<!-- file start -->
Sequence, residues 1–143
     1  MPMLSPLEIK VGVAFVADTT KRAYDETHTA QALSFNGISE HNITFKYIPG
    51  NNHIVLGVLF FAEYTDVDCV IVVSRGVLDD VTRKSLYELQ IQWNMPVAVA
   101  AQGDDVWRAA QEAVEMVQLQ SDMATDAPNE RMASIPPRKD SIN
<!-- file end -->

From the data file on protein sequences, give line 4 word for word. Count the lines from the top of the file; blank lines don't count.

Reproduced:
   101  AQGDDVWRAA QEAVEMVQLQ SDMATDAPNE RMASIPPRKD SIN